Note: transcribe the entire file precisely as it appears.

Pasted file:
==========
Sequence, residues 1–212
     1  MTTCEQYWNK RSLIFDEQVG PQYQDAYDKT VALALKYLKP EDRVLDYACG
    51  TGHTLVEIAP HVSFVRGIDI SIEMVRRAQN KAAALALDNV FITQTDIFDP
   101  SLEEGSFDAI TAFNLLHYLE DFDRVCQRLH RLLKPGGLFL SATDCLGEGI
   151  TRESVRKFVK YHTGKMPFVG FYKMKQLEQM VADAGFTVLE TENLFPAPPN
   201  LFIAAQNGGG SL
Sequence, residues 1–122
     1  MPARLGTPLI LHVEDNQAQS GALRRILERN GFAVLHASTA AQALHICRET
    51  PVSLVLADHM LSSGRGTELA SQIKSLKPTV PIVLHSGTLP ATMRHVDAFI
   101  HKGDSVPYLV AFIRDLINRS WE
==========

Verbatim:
Sequence, residues 1–212
     1  MTTCEQYWNK RSLIFDEQVG PQYQDAYDKT VALALKYLKP EDRVLDYACG
    51  TGHTLVEIAP HVSFVRGIDI SIEMVRRAQN KAAALALDNV FITQTDIFDP
   101  SLEEGSFDAI TAFNLLHYLE DFDRVCQRLH RLLKPGGLFL SATDCLGEGI
   151  TRESVRKFVK YHTGKMPFVG FYKMKQLEQM VADAGFTVLE TENLFPAPPN
   201  LFIAAQNGGG SL
Sequence, residues 1–122
     1  MPARLGTPLI LHVEDNQAQS GALRRILERN GFAVLHASTA AQALHICRET
    51  PVSLVLADHM LSSGRGTELA SQIKSLKPTV PIVLHSGTLP ATMRHVDAFI
   101  HKGDSVPYLV AFIRDLINRS WE